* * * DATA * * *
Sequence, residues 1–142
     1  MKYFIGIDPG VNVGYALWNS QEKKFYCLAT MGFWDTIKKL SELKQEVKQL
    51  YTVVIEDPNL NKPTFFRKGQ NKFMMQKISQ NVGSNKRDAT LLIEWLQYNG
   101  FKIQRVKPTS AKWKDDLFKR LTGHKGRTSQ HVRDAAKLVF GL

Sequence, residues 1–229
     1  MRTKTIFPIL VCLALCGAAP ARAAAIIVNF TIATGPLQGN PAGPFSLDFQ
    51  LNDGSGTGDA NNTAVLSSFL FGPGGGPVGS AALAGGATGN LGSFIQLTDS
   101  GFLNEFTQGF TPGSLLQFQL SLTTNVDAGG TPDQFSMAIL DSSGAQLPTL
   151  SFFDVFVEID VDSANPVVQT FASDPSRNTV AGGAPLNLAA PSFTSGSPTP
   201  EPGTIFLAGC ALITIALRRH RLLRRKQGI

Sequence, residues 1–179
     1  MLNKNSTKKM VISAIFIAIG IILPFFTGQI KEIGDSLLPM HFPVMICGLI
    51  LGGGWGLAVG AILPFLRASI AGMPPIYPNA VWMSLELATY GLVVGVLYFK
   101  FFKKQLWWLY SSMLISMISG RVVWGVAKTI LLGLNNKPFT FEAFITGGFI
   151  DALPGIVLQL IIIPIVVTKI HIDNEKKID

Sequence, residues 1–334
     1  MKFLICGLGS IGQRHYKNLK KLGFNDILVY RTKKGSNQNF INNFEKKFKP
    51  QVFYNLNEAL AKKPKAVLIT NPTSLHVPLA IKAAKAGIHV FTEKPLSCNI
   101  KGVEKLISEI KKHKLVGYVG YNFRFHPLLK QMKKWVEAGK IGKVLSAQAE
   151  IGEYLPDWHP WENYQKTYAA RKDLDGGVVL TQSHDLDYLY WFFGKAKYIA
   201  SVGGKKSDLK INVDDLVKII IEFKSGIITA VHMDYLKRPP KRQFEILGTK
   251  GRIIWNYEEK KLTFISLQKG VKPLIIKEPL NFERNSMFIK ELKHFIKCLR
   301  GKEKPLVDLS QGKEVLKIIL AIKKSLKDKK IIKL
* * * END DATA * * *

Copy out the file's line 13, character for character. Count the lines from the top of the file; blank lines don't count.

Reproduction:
    51  LGGGWGLAVG AILPFLRASI AGMPPIYPNA VWMSLELATY GLVVGVLYFK